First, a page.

Zelda Harris, an active NITA faculty member, is the director of the Dan K. Webb Center for Advocacy at Loyola University Chicago. Prior to this position, Professor Harris served as law faculty and director of the Domestic Violence Law Clinic, and codirector of the Child and Family Law at the University of Arizona’s James E. Rogers College of Law. She recently spoke with Acclaim about her use of their video learning platform in her Trial Advocacy program. This Q&A is re-posted with permission from The Acclaim Blog.
Q: Why did you decide to use Acclaim? What were you doing before?
ZH: I attended the “Educating Advocates: Teaching Advocacy Skills at Stetson University College of Law” in May 2013, in which the principals of Acclaim presented a demonstration of their software program. The presenters and the presentation were quite impressive in terms of ease of use and accessibility of the program via the web. Prior to Acclaim, we used a video camera and CD/DVDs to record student performances. The performances were reviewed by the faculty with the student at the same time requiring the faculty member to “talk over” the video as it played in an attempt to show the student on the video how they can improve their advocacy skills.
Q: How is Acclaim being used in the classroom and as part of the curriculum?
ZH: We are using the Acclaim software in our traditional trial advocacy course and as an aid to our moot court/mock trial competition teams. For the trial advocacy class, students set up their own account and are required to download their performances after class each week. The videotaping of the students rotates from one small group of eight students each week. So, each week a new group of eight students is recorded. Once the student uploads his/her video, faculty are invited to view the video and to add comments. Once comments are added by the faculty, the video is sent back to the student for review. The moot court/mock trial teams are using the program occasionally to record practice sessions primarily to self-review their performances, but students are encouraged to invite their coaches to view their videos.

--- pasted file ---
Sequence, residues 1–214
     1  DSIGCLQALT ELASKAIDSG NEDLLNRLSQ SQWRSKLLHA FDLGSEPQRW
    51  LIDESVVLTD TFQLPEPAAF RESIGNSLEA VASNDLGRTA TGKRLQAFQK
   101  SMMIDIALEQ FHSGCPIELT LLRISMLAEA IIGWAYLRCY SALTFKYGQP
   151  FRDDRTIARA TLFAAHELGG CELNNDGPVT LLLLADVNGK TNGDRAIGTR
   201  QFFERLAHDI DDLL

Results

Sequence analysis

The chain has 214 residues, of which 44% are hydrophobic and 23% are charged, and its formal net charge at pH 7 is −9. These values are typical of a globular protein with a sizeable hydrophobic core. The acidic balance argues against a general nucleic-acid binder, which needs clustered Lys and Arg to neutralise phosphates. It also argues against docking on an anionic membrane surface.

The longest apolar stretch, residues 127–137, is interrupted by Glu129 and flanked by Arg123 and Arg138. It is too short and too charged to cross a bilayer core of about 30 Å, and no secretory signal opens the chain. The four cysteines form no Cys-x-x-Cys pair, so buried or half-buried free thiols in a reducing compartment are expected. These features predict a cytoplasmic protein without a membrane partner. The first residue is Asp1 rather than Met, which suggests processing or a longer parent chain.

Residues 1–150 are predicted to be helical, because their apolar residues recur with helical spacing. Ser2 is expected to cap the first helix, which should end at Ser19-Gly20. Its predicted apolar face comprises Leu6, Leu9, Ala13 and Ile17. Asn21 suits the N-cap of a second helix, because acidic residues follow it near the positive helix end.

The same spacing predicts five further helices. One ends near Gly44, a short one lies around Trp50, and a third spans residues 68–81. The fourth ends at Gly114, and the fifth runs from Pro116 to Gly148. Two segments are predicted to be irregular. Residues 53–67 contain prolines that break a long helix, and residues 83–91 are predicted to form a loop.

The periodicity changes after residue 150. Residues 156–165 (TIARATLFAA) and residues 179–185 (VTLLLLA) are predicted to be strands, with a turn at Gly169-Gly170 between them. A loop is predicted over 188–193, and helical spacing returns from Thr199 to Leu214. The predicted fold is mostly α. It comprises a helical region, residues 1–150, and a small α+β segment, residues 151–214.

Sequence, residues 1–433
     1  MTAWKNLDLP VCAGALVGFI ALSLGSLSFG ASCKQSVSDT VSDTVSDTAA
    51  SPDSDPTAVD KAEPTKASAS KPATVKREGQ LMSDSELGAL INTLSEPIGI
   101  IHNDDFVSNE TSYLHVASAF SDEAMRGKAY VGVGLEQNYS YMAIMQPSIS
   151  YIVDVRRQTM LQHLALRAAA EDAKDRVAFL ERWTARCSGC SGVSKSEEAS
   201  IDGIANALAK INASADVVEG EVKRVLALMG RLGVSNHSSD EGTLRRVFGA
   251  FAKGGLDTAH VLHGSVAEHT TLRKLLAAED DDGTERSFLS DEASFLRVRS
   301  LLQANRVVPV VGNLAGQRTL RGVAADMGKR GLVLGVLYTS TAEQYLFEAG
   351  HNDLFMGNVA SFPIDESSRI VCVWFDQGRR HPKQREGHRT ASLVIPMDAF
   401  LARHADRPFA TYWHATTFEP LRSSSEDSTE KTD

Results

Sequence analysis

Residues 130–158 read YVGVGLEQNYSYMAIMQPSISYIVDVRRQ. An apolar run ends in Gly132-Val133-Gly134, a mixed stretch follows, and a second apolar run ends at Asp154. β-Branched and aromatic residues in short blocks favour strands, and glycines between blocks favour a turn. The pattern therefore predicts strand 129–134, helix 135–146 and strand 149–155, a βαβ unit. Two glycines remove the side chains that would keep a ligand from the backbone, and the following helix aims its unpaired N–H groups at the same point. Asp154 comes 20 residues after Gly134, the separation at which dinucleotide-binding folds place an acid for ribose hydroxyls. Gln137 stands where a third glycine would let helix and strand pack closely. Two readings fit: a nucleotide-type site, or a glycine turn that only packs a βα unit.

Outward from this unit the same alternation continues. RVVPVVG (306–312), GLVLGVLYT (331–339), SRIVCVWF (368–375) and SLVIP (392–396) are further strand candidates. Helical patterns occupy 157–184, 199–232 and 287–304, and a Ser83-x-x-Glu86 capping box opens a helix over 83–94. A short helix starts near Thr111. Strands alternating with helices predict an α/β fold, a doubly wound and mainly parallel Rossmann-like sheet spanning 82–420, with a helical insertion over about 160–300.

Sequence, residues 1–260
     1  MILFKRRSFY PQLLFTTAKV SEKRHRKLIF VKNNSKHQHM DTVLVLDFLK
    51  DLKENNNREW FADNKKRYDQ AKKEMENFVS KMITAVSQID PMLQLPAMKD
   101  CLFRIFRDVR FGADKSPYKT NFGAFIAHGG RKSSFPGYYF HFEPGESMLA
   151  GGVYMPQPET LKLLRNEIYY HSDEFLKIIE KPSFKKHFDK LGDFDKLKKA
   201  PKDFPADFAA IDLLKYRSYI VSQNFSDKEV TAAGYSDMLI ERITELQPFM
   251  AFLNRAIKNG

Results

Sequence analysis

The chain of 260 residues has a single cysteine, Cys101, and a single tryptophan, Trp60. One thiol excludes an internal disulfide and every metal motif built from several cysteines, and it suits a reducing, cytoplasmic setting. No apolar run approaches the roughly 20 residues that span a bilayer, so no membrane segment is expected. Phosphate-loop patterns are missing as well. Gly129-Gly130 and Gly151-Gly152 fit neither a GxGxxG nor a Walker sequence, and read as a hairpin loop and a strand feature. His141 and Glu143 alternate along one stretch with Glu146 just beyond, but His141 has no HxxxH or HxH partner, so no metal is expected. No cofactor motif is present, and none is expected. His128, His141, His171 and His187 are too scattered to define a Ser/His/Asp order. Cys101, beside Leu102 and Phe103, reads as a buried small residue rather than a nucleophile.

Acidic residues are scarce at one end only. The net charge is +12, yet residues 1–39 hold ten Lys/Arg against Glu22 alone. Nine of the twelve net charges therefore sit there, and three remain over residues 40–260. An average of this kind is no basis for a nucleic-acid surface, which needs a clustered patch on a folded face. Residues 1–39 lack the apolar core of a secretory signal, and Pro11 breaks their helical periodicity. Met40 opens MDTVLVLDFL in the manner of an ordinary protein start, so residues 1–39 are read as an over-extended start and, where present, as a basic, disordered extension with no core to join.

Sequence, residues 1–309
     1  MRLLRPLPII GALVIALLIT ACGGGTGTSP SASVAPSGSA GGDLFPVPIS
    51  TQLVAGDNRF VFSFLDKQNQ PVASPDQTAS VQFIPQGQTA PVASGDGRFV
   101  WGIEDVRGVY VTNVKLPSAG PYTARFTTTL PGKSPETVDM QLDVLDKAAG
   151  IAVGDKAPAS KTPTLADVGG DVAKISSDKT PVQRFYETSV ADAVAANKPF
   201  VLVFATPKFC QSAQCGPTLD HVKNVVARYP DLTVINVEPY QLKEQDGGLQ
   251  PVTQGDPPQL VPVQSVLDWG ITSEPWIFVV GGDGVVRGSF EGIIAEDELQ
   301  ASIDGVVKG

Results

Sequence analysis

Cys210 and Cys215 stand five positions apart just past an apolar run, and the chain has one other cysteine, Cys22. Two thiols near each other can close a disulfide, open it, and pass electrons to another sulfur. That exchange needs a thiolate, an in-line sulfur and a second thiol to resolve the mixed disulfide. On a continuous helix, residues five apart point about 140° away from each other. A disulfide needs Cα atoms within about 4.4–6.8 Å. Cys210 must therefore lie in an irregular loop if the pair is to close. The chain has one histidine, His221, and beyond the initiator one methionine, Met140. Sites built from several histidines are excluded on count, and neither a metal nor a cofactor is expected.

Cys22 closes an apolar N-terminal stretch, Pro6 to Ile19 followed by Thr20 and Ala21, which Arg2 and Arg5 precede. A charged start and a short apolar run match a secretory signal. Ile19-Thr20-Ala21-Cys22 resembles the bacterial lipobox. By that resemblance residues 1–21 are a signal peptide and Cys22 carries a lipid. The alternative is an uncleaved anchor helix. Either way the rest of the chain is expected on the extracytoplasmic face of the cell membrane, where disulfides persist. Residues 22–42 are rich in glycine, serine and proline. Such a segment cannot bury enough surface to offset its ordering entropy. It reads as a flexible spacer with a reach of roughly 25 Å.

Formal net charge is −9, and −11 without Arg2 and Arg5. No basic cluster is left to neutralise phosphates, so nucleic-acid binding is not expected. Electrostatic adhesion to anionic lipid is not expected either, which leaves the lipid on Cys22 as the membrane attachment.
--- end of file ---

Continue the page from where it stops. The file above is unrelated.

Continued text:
Q: What are/were the outcomes, lessons learned, benefits, and continued applications of Acclaim in your course(s)?
ZH: The program has worked incredibly well. The faculty provides critique to students during the live performance, but the program allows a second chance for faculty to provide critical feedback to the student and gives the students an opportunity to review their performance outside of the stress of the live classroom setting. The program allows for seemingly unlimited comments to the video. In terms of lessons learned, we’ve found that students need to be prompted continually to upload their videos, so from a workflow perspective, it may be easier for faculty to record, upload, and comment on the video(s) before inviting students for review.
Q: Any concluding thoughts or comments?
ZH: The Acclaim principals have been extremely responsive to any questions raised by faculty or students. We had a few issues with upload speed, likely a hardware issue, that Acclaim handled immediately. Students or faculty that had any difficulty setting up accounts were assisted the same day without delay. The staff and employees at Acclaim are very friendly and easy to work with on a consistent basis. Thank you!